We are human beings, who live as part of a planet. It behooves us not to gloss over either of these facts or the relationship between them.
Biomimicry and Climate Change
Climate change is one of the biggest challenges the world has ever faced. Flooding, storm surge, and sea level rise are serious threats to natural resources, infrastructure, and human communities in coastal areas. In effort to adapt to these changing conditions, planners and policymakers should consider nature’s strategies when developing coastal resiliency plans to protect communities from increasing coastal erosion and flooding due to rising sea levels.
Nature is full of clues for how we can approach our climate change problems, in ways that not only reduce our climate impact, but help us to “…become producers of ecosystem services” (Janine Benyus). Biomimicry studies and then translates nature’s architecture, design and engineering strategies to human design. Many of these strategies can apply directly to climate change challenges such as how nature upcycles carbon, harnesses the sun’s power, and creates electricity.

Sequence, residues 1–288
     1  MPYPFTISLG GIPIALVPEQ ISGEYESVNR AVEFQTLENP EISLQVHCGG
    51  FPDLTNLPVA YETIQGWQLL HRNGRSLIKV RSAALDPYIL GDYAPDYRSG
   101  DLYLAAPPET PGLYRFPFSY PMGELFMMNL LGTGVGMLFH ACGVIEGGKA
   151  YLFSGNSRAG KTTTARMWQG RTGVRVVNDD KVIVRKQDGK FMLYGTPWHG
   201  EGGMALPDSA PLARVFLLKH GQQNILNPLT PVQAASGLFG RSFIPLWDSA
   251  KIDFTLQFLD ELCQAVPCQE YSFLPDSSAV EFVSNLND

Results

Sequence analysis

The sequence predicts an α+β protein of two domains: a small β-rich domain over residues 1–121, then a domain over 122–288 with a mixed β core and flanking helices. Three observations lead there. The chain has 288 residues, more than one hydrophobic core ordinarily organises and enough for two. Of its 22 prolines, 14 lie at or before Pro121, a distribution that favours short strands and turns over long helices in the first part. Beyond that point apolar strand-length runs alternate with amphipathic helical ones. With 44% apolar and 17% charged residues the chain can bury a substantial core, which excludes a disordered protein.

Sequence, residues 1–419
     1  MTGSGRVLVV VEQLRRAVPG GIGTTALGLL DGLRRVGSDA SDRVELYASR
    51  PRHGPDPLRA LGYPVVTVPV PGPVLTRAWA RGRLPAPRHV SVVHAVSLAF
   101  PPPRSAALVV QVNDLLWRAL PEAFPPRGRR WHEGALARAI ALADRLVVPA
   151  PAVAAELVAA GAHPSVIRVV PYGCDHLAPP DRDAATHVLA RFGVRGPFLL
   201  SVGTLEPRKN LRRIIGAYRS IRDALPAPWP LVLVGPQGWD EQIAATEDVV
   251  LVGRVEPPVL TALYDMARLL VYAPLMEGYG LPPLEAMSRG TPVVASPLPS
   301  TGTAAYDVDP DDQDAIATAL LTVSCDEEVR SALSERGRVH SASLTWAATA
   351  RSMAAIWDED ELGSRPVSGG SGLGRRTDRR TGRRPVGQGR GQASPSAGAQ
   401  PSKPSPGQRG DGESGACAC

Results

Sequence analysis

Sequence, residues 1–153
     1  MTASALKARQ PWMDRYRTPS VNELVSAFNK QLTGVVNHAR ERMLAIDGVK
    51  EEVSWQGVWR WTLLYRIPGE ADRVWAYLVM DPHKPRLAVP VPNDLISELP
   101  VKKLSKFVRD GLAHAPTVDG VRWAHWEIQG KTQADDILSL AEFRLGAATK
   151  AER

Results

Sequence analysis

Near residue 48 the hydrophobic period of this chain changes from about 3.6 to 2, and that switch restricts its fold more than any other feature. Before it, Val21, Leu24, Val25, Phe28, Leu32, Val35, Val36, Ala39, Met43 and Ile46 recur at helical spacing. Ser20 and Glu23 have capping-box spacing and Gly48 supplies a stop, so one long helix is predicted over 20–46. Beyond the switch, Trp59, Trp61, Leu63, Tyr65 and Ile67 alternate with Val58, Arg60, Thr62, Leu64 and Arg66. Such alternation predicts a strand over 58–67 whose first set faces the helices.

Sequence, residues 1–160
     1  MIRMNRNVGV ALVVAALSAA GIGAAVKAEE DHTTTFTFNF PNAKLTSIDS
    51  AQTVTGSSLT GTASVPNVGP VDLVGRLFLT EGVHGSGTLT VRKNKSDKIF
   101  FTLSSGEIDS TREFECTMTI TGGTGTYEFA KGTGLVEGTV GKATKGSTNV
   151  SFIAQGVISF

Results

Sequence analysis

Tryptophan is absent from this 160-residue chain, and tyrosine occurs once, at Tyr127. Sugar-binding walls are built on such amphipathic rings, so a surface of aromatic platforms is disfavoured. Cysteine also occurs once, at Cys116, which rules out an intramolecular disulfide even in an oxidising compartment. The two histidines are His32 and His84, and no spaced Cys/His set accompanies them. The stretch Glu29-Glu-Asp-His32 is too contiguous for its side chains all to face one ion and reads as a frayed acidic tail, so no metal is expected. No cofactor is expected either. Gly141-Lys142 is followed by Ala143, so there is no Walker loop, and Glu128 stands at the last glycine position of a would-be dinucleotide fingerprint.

COP21 is focused on developing solid action plans and solutions. In that spirit, we want to share just a few of nature’s strategies and corresponding innovations that can lead us down a more life-sustaining path.
Recently I visited Xunantunich, a site where Mayan ruins are being uncovered in the impoverished nation of Belize, formerly British Honduras. Aside from the sheer beauty and powerful energy of the site, I was struck by a pair of trees our guide pointed out. One was called the Poisonwood Tree, (Metopium brownie) because of the strong allergen in its bark. The other, a reddish tree, which I later found out is called the Gumbo-Limbo tree (Bursera simaruba), contained the antidote.